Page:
Retro-Review: ‘Wolverine Blues’ by Entombed

Wolverine Blues.

What can you say? This album by Entombed created the “death ‘n’ roll” genre. Not a lot of bands can claim they created a genre aside from Black Sabbath, Venom or Death among an elite few.

I remember the first reviews of this album, among them being the one featured in Metal Maniacs, proclaiming it to be the next Reign in Blood. Now, that’s debatable, but Wolverine Blues is something special and 25 years later, it’s still a point of contention among death metalheads.

Wolverine Blues was a dramatic change in sound for the Swedish band that had been one of the formentors of the Swedish Death Metal sound. Some loved it. Some hated it.

Entombed were already held in high esteem for their albums Left Hand Path and Clandestine. They were on top of the death metal world already, known for their buzzing guitars and ferocious, yet complicated, songs. They could’ve done the same thing over and over again, which man metal fans seem to prefer, instead of take a risk with their sound.

That risk paid off and not only did Entombed find success, despite a roasting by Beavis and Butthead, but would develop the death ‘n’ roll sound into the next decade.

No matter what one’s preference is, there is no taking away from Entombed’s mark on metal, whether it be their contributions to Swedish Death Metal or death ‘n’ roll.

Wolverine Blues marks the return of Lars-Göran Petrov, who fronted the band on Left Hand Path but was absent on Clandestine. What Petrov lacks in diversity of delivery, he makes up with ferociousness.

Bringing thing up on the guitar front are Alex Hellid and Uffe Cederlund. Their low-tuned and distorted rhythms and small, but effective, melodies helps give Wolverine Blues a raw and bloody sound that matches the name. Going against the trend at the time, they deliver many guitar solos throughout the album.

Bassist Lars Rosenberg compliments Hellid and Cederlund by adding a pummeling depth to their sound. Rosenberg adds a very organic feel to the album, which suits the entire mood of the album.

Speaking of organic, Nicke Andersson (who was the uncredited lead vocalist on Clandestine) delivers thuds that are akin to what the victim of a sledgehammer attack would hear in their heads. His drumming keeps the band pretty grounded, but also adds a special element of its own with its very dirty sound.

Yeah, it’s a dramatic change from their first two albums, but the lineup on this album pulled it off in such a way that it didn’t sound “new” but that they had been “death ‘n’ roll” for a long, long time.

The album

Wolverine Blues is a fairly mid-paced album compared to the prior two releases. That doesn’t make it any less heavy, though. Where they dial back on speek and like I said before, Entombed make it up with rawness and ferociousness.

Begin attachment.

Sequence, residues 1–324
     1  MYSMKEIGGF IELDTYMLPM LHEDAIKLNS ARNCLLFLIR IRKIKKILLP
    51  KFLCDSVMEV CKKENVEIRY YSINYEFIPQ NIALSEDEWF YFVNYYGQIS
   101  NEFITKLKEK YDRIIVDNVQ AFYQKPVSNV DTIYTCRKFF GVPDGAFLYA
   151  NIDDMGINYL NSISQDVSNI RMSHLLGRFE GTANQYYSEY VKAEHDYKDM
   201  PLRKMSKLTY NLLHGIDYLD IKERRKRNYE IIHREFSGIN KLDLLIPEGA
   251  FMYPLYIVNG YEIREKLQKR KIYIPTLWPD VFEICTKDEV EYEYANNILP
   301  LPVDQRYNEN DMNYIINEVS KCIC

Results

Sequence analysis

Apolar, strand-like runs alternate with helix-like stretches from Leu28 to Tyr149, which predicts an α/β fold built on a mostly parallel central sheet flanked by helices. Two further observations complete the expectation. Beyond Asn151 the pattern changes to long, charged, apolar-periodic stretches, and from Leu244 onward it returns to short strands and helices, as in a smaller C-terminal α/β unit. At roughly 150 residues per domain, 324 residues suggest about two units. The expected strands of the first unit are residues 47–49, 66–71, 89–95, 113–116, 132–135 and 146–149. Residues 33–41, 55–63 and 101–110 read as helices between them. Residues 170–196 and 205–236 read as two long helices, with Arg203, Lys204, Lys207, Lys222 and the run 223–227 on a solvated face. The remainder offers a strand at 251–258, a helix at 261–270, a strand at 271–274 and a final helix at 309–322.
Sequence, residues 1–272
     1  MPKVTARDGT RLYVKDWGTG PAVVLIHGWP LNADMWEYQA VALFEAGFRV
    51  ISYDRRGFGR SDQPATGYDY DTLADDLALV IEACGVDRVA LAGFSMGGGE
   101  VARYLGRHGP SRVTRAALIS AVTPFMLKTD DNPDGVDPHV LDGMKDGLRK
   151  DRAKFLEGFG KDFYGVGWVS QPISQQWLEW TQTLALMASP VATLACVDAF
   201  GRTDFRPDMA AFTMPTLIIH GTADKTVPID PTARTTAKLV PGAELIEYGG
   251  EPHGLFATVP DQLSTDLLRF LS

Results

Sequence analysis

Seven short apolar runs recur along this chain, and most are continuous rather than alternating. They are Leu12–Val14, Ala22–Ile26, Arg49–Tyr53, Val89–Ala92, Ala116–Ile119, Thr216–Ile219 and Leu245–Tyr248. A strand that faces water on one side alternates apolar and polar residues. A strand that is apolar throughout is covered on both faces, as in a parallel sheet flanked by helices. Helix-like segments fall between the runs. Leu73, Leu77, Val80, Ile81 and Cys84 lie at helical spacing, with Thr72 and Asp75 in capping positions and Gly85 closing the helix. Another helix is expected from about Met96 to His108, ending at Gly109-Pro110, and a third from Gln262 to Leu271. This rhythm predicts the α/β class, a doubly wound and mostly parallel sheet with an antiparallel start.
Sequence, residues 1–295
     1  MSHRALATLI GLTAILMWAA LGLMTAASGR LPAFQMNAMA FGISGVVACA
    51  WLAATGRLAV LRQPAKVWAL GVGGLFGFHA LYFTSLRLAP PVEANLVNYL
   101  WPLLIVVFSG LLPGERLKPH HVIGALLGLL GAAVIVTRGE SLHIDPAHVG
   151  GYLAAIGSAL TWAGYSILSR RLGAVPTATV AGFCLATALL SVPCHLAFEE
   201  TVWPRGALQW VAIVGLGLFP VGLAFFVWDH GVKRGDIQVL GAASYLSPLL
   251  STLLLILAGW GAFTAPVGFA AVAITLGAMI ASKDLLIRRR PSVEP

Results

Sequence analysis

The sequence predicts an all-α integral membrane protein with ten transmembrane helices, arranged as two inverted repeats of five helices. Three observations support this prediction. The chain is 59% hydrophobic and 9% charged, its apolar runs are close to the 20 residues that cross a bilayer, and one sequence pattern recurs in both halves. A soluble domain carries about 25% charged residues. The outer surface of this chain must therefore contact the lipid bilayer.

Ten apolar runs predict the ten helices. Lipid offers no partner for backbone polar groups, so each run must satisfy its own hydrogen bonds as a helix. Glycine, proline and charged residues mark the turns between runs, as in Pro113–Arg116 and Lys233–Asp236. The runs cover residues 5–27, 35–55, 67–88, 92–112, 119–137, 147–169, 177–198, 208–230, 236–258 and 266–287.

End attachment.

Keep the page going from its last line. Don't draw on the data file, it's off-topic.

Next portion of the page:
Case and point, the opening song “Eyemaster.” It’s not only the opener, but also one of the best tracks on the album.

This song opens with a sample of Pinhead from the Hellraiser movie series saying “I am the way.” From there, the song burst into a rabid and blistering attack that doesn’t let up. The bass is pummeling and drives the song into the the shredding attack of the Hellid and Cederlund’s guitars. They still have a bit of that buzzing that marked Swedish Death Metal, but it isn’t as prominent as it used to be.

“Eyemaster,” like many other songs on the album has a solo that is short and sweet.

How short?

Throughout the album, I don’t think there’s many solos that are longer than 10-15 seconds. For a lot of metalheads, that’s too short. For me, I think it works. Despite being short, the solos are effective and pretty memorable compared to more drawn out solos that can wind up being too dramatic for their own good.

Other great tracks following “Eyemaster’s” formula include the very heavy “Demon” and “Heavens Die.”

Variant cover

Of course, as was the trend in the 1990s, there are some songs without a solo, one being the title track “Wolverine Blues.” It’s also rather surprising that it’s also the shortest track, which went against the trend at the time. Until “Wolverine Blues” most listeners expected the title track to be one of the more epic or complicated songs on an album. Entombed went against that an produced not only a strong track, but also one of the catchiest death metal tracks too.

There are a couple of other tracks that stand a head above the others on this album. That means they’re something special because all the songs on Wolverine Blues are pretty damn good.

Those tracks are “Contempt” and “Hollowman.” Both songs open with haunting guitar melodies and both have some strong and memorable guitar solos. They take the listener to a dark place and put them through the grinder. Those two, above any others, I would say are the two that are definite must-listens.

Other honorable mentions is the rather groovy “Full of Hell” and the spooky “Blood Song.”

As far as criticisms of this album, I don’t really have any. Entombed set out and did what they wanted to accomplish. Some people at the time may have felt they were overpaying for something that was barely longer than most EPs at the time, but I think that the overall quality of the album more than makes up for it. I’d rather buy a shorter album where all the songs are good as opposed to an hour long album with a lot of filler.

The verdict

Wolverine Blues is a great album and one of the most important released in 1993. Sure, there are a lot of fans of Entombed’s first two albums that feel like it was a slap in the face, but I feel like it was something the band wanted to do and enjoyed doing it.

I don’t see how anyone can not like this album. Entombed’s enthusiasm for the material shines through in their performance. That enthusiasm rubs off on the listener who will likely come back for more.

Definitely recommended.


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